[Added later: now also in Vera Sans, see comments.]

Personally, I use Times Roman for teaching material and Palatino for beamer slides. (The argument for sans serif beamer slides is that they tend to be quite low resolution and the detail of serifs is lost; I partly agree, but feel that Palatino is more robust than Computer Modern.)

What do you think?

About Peter Cameron

I count all the things that need to be counted.
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15 Responses to Mathematical typesetting (yet again)

  1. Stefan says:

    I have adapted Charter as my default font for (preprints of) papers, and Vera for my slides. Both can be used through packages that supply a complete set of compatible math fonts and symbols. The packages are mathdesign and arev.

  2. Doormat says:

    Is there any chance you could post the LaTeX source which produced these PDFs? (Fonts always mystify me, especially in beamer, so it would be nice to see the actual commands needed…)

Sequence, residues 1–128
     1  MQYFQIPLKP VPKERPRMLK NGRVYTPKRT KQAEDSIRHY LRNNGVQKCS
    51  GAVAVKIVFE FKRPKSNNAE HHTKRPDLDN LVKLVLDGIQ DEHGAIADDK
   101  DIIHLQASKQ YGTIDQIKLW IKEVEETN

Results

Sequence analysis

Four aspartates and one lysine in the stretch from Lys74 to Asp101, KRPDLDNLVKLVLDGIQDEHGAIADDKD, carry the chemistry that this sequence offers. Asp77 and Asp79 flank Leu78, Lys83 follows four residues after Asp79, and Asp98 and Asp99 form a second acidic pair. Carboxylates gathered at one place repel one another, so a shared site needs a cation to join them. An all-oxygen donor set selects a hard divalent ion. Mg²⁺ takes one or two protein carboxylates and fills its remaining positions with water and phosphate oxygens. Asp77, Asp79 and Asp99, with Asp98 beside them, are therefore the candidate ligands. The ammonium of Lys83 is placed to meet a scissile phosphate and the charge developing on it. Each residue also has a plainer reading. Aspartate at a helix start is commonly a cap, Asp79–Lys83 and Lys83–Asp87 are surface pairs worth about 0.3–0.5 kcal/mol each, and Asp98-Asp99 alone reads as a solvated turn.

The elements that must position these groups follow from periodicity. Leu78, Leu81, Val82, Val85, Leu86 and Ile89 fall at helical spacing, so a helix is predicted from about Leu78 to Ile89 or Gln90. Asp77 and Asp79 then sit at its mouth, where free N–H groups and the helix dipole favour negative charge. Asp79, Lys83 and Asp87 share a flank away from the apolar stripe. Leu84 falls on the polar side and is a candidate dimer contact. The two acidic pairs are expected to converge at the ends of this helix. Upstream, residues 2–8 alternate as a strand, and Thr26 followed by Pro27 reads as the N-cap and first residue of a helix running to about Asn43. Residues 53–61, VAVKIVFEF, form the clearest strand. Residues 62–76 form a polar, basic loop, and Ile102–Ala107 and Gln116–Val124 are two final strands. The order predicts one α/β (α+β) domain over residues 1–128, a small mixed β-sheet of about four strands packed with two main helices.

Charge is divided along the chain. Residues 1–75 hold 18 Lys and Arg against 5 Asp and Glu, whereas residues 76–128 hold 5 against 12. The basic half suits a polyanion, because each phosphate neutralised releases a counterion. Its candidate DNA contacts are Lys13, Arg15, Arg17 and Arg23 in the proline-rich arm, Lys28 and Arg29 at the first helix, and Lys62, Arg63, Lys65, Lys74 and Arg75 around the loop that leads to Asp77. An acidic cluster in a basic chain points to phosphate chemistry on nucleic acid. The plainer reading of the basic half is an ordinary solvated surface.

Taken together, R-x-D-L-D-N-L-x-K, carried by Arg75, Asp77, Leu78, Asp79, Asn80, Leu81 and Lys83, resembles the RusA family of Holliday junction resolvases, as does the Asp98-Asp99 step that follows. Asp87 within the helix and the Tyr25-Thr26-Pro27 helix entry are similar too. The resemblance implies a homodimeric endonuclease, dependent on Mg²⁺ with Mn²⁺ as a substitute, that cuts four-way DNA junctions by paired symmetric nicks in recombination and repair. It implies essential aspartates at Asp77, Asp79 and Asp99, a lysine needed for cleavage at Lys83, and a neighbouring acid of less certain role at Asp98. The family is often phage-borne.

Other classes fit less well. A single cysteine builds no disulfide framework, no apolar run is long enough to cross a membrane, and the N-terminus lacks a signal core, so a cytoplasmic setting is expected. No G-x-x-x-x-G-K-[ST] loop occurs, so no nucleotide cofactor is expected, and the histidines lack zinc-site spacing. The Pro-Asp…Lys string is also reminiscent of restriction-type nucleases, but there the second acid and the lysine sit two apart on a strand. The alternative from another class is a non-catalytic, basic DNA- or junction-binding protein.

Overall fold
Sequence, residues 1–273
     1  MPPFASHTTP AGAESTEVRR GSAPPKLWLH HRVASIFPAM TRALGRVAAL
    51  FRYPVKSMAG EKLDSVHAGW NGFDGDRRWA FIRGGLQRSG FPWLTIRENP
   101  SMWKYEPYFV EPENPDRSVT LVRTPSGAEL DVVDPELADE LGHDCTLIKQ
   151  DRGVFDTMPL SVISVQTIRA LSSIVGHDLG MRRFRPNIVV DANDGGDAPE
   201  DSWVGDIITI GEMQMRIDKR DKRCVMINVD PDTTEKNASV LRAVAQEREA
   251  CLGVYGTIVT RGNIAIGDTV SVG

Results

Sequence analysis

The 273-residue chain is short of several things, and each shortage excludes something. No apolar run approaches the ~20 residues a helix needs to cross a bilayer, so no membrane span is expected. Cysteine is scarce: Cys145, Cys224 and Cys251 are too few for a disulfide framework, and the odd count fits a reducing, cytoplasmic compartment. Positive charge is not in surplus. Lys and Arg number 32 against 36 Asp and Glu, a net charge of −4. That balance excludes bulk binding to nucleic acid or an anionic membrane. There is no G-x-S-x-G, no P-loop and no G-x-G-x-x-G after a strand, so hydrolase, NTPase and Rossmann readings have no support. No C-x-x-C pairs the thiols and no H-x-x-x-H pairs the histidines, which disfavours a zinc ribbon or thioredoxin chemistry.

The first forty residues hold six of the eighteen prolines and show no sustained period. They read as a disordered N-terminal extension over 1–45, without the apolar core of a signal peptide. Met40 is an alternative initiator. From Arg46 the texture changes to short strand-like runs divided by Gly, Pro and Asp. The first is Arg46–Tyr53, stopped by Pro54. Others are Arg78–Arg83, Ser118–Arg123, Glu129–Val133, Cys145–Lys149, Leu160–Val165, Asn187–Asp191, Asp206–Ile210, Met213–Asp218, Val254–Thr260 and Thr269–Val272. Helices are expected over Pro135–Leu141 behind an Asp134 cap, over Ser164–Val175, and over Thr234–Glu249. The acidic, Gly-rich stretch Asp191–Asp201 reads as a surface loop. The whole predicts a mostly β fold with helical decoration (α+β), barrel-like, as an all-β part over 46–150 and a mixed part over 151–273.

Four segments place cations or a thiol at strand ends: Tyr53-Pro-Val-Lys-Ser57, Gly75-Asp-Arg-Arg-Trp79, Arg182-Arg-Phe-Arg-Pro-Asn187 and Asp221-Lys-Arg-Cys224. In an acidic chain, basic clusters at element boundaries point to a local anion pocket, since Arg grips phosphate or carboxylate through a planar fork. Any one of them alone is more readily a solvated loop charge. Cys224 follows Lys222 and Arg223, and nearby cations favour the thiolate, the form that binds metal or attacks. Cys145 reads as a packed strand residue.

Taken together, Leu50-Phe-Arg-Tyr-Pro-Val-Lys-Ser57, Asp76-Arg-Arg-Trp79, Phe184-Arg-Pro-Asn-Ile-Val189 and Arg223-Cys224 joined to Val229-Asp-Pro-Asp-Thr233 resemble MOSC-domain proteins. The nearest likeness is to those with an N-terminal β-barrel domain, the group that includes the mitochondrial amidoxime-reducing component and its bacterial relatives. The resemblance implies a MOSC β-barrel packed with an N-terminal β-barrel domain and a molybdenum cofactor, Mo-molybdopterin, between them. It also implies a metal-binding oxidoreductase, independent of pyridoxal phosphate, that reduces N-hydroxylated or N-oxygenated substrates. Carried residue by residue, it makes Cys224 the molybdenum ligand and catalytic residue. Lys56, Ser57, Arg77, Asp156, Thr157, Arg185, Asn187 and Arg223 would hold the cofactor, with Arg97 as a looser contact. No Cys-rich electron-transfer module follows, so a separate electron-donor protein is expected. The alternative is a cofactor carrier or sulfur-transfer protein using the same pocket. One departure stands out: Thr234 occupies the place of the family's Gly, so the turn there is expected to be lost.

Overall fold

• Sure, but this is slightly complicated by the fact that Beamer changes the default font to sans serif and you have to get rid of that by a Beamer-specific command.

      The point about the concrete, Times and Palatino fonts is that they are very easy to use. In an ordinary LaTeX document in, say, article class, you just put in a line


      at the start of the document (after the \documentclass line), where xxxx is concrete, mathptmx or mathpazo. No other changes are required.

      In Beamer you then have to say


      or, if you want to use sans serif headers (as I did in the examples) you say


      If you also want to get rid of the Beamer navigation symbols (which make no sense in a one-page document), you put in the line

      \setbeamertemplate{navigation symbols}{}

      So, for example, here is the LaTeX source for the Palatino version:

      \setbeamertemplate{navigation symbols}{}

      \frametitle{A shaggy dog story in Palatino}
      The quick brown fox jumps over the lazy dog. During the jump, the position
      of his centre of mass is given by $x=ut$, $y=vt-\frac{1}{2}gt^2$, and so